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Does anyone have any experience applying to any of these PhD programs and not gaining acceptance, but rather being redirected to a master of design studies course (that could potentially feed into a PhD) they hadn't applied to originally?
I'm applying to programs now, and wondering if it's necessary (or even recommended) to apply to both the PhD and such programs, like the ones mentioned above. A PhD is my prime objective, but if it doesn't work out I'd like to have these programs as an option...
This is a strategy often used by a doctoral admissions committee looking at a candidate who may have lots of promise, but isn't quite ready to start the PhD.
Don't forget, many doctoral programs admit only a handful of students each year --sometimes only 2 or 3. Potential for success (i.e., completion of the degree in fewer than six years or so) is gauged by factors such as previous coursework, writing ability, research experience, academic references, maturity and the like. So few available (funded) slots means that competition is keen. Runners-up in the applications process are frequently steered toward the school's academic master's degree as a kind of side door in. The implication: do well in this (for a year, maybe the full two), and re-apply for the doc program as a much stronger candidate. No guarantees, of course.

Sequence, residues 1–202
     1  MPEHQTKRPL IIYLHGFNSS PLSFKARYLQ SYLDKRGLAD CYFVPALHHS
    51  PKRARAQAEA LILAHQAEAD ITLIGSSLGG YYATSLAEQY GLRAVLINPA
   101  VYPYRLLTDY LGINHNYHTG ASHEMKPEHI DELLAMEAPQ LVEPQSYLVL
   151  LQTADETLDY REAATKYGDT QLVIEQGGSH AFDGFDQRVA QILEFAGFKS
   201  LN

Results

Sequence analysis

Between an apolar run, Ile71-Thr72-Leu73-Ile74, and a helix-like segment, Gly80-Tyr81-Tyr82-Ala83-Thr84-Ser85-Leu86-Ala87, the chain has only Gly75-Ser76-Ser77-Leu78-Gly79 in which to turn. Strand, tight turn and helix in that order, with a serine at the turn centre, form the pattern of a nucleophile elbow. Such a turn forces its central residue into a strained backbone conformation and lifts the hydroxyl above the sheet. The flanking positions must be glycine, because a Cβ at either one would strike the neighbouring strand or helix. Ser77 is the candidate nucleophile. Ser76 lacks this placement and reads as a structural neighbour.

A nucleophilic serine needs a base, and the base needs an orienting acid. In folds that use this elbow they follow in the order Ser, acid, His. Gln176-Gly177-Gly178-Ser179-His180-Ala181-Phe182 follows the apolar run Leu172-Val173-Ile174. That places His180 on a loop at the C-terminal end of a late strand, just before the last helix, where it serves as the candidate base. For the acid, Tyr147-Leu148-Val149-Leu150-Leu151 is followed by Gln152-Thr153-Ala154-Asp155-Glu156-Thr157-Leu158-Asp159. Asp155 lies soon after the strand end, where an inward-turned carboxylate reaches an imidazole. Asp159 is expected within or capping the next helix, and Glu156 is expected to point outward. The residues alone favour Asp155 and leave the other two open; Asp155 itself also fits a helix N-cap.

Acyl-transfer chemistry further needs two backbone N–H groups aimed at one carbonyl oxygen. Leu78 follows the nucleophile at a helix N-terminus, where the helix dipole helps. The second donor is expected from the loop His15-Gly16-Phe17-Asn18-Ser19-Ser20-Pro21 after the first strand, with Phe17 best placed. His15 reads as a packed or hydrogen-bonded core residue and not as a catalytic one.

Thanks citizen for your insight! I'll just apply directly to the phd programs then.
I've heard about the selectivity and my research is fairly focused, so I'm hoping that faculty members with similar interests have open spots but of course it all depends on this year's applicant pool.
I'm just hesitant about participating in these programs as a side door because of the lack of funding (I'm assuming...). As an alternative, I'm also applying for grants to hone my language skills though that won't place me in any network...
I'd also be interested to hear from anyone who has experience with the PhD program at McGill, and the main differences between canadian and american PhD system.
Part of the work of the application process is to research programs and those same faculty members who might be good mentors (methodology, subject matter, or both) and correspond with them. Tell them what you're interested in, and see if they might be a good fit for you, and (importantly) if they consider you as one whom they can see themselves working with. If so, they can look for your application in the pile and advocate for it with the admissions committee. You would mention this correspondence and contact in your application letter.
Of course, this is an ideal situation. Sometimes you can't reach these people, or they're too busy to respond to people they don't already know. But the good ones, on the lookout for new talent, usually will try to answer such queries. (And, alas, sometimes the answer is "no.")
Also, applying directly to the PhD program doesn't exempt one from the process I described in my last post. If you're an exemplary candidate, you'll be offered admission and funding. If you don't make that first cut, you may be offered "runner up" status in the academic master's program.